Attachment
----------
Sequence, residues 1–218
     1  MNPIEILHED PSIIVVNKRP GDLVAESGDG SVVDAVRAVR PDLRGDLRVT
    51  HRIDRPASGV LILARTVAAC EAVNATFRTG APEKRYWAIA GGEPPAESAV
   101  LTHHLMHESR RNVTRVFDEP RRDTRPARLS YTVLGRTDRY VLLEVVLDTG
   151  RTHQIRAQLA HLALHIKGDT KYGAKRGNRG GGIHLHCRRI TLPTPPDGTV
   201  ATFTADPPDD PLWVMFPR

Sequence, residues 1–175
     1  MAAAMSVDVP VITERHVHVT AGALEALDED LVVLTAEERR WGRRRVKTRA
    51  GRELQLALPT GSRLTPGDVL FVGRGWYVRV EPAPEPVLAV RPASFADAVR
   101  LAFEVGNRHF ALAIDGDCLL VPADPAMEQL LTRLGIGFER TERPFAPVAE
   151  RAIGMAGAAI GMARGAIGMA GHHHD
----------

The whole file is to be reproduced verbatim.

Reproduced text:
Sequence, residues 1–218
     1  MNPIEILHED PSIIVVNKRP GDLVAESGDG SVVDAVRAVR PDLRGDLRVT
    51  HRIDRPASGV LILARTVAAC EAVNATFRTG APEKRYWAIA GGEPPAESAV
   101  LTHHLMHESR RNVTRVFDEP RRDTRPARLS YTVLGRTDRY VLLEVVLDTG
   151  RTHQIRAQLA HLALHIKGDT KYGAKRGNRG GGIHLHCRRI TLPTPPDGTV
   201  ATFTADPPDD PLWVMFPR

Sequence, residues 1–175
     1  MAAAMSVDVP VITERHVHVT AGALEALDED LVVLTAEERR WGRRRVKTRA
    51  GRELQLALPT GSRLTPGDVL FVGRGWYVRV EPAPEPVLAV RPASFADAVR
   101  LAFEVGNRHF ALAIDGDCLL VPADPAMEQL LTRLGIGFER TERPFAPVAE
   151  RAIGMAGAAI GMARGAIGMA GHHHD